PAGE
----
Sanlam has identified several initiatives aimed at limiting the future impact of COVID-19 on future mortality losses in its operations. These include fair and appropriate increases in annually renewable group risk premiums, some of which have already been implemented. The Group will also implement underwriting changes in the latter part of 2021, by following a risk-based approach that takes vaccination status into account for certain product lines for those clients with particular risk profiles.
New business volume growth was strong across most business clusters. The South African life insurance businesses recorded particularly strong growth, with all market segments contributing. Sanlam’s digital channels have grown in importance and continue to deliver strong growth. Single premiums underpinned growth in the affluent market as increased early retirements and higher long-term yields boosted demand for life annuities. The mass market business continued its robust recovery, supported by an acceleration in growth from the Capitec funeral JV due to its digital platform.
In the Pan-Africa operations, initiatives to cross-sell into the large general insurance customer base are bearing fruit, with very strong growth in life sales across the portfolio. India and Malaysia also achieved pleasing growth in new life business. General insurance volumes were constrained by the economic environment, with the Indian operations additionally affected by no increase in prescribed motor third-party premium rates for 2020 and 2021.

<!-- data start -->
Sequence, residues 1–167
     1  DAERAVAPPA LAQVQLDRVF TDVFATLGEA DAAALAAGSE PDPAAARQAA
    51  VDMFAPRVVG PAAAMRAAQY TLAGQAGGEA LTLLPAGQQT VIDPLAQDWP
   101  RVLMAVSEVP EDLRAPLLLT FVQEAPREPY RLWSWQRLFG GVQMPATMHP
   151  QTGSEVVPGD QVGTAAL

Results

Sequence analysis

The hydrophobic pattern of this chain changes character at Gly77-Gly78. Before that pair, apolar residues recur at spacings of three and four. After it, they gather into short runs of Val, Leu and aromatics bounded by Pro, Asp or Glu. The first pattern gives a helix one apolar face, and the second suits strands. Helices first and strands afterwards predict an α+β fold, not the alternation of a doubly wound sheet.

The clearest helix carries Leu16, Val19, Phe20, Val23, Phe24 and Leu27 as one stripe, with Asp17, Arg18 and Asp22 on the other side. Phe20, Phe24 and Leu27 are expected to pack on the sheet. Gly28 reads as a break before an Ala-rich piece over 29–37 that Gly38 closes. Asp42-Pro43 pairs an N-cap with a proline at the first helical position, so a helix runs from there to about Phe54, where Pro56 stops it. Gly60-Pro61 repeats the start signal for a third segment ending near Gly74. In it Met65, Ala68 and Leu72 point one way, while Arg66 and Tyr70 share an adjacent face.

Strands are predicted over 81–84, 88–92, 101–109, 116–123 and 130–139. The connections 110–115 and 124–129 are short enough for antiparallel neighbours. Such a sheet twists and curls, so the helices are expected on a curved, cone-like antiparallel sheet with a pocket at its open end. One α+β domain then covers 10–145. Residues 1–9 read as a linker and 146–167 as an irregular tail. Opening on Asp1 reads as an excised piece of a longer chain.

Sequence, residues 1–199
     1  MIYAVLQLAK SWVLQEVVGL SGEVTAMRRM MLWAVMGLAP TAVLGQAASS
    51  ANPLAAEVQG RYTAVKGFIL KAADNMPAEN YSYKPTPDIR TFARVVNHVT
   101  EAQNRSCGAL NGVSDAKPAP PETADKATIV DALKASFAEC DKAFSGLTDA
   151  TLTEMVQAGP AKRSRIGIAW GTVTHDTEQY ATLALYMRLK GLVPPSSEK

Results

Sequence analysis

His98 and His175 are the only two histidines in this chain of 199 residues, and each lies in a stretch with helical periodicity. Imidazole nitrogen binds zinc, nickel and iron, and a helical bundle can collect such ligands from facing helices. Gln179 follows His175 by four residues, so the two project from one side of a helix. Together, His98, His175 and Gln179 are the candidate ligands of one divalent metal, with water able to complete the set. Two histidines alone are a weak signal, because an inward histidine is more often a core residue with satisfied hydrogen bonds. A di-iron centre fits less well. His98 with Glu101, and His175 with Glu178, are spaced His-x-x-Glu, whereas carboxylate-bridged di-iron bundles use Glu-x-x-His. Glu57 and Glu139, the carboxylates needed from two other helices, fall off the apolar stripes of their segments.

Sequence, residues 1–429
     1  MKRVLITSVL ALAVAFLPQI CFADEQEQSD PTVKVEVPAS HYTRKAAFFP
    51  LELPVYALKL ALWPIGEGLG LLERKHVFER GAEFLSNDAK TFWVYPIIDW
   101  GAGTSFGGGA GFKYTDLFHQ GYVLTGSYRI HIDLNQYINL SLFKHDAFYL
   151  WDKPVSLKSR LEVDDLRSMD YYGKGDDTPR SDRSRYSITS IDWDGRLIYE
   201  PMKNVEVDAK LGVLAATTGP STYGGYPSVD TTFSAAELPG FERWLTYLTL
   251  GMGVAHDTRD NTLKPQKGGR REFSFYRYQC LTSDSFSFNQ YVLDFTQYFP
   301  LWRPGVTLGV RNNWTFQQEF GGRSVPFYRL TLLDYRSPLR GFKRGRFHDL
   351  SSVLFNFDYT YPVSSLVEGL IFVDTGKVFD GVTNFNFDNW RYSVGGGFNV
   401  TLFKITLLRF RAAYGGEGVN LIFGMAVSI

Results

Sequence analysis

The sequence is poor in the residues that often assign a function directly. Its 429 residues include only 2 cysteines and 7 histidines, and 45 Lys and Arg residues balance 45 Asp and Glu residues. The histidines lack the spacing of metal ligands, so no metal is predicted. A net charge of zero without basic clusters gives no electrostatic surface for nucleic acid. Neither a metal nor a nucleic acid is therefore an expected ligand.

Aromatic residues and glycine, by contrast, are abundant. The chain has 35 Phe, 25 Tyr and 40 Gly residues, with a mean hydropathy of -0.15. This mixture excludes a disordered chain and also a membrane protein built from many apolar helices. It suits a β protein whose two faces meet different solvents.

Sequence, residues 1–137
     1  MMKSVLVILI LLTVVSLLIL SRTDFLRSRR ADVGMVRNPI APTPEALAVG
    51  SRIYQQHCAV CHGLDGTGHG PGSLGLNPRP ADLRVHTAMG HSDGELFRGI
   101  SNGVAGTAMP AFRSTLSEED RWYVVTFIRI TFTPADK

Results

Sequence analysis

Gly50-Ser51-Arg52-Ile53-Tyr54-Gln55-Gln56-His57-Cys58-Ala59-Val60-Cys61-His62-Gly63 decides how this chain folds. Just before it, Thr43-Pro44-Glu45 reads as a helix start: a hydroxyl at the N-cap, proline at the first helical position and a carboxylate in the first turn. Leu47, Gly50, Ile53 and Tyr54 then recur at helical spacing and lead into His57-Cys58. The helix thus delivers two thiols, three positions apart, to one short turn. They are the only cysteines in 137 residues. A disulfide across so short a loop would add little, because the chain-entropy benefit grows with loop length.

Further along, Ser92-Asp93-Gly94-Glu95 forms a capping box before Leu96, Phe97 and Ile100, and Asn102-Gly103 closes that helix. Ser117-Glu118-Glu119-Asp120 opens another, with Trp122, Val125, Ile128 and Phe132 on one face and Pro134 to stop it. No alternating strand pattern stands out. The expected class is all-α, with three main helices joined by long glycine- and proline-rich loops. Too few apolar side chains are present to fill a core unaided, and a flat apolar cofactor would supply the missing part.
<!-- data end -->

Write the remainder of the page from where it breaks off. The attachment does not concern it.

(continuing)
The Group continued to implement its strategy during the period. Key developments include:
The solvency position of the Group and the main operating entities has remained strong and comfortably within target ranges. The Sanlam Group solvency ratio was 175% at 30 June 2021 (31 December 2020: 186%) and the Sanlam Life solo solvency ratio was 232% at 30 June 2021 (31 December 2020: 257%).
The near-term economic outlook in South Africa deteriorated at the beginning of the third quarter of 2021 related to the onset of the third wave of COVID-19 and the civil unrest in Gauteng and KwaZulu-Natal that resulted in loss of lives, livelihoods and damage to property. There is likely to be a negative impact on consumer and business confidence as a result of these events, so that although the South African economy will continue to recover, the recovery has suffered a setback. The rate of rollout of vaccinations also has a significant bearing on the prospects for the economic recovery. Sanlam is strongly supporting initiatives aimed at improving the efficacy of the vaccine rollout programme.
The impact of COVID-19 on mortality experience in the Group’s Africa operations, where excess reserves are more limited, increased over the first six months of 2021. This trend is expected to continue for the remainder of the year.
From an operating environment perspective in general, average investment market levels, credit spread movements, potential credit defaults and the relative strength of the Rand exchange rate are some of the other key factors that may have an impact on the growth in net result from financial services, headline earnings and Group Equity Value to be reported for 2021 full year.
“Our focus will remain on consistently serving our customers, executing our strategy, maintaining the welfare of our employees, maintaining an extremely strong financial position and driving value creation from the diverse operations of the Group, to continue delivering value to our stakeholders despite the challenging operating environment,” said Mr Hanratty.